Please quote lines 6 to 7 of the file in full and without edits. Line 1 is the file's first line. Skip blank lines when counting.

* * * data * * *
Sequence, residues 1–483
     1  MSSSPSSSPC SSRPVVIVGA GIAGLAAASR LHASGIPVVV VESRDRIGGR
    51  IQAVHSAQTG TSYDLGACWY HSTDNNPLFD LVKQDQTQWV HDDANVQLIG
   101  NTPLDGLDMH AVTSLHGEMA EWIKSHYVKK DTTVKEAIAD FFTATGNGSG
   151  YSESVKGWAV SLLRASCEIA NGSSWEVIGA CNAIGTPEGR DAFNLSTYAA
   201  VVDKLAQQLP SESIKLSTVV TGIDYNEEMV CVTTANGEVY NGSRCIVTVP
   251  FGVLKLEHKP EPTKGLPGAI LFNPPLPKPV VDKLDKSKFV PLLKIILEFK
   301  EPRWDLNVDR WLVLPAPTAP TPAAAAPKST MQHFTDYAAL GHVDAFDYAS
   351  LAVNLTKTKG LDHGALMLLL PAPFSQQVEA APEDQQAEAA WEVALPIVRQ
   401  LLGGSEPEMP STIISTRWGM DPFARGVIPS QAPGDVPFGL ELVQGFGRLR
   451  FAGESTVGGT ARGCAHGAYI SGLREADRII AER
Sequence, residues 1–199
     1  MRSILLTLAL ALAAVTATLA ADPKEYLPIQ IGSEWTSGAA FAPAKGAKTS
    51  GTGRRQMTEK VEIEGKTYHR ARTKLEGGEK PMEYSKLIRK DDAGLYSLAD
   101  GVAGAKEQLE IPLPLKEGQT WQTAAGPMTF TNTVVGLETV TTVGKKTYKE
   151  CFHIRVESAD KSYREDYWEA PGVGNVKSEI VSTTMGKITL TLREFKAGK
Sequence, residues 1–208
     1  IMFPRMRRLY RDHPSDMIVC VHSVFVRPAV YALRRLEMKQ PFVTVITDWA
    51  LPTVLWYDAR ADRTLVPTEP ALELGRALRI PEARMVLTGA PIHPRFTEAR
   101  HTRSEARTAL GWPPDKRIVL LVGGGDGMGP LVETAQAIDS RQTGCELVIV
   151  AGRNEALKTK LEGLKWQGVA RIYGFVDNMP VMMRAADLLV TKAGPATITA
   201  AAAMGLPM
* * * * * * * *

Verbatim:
   201  VVDKLAQQLP SESIKLSTVV TGIDYNEEMV CVTTANGEVY NGSRCIVTVP
   251  FGVLKLEHKP EPTKGLPGAI LFNPPLPKPV VDKLDKSKFV PLLKIILEFK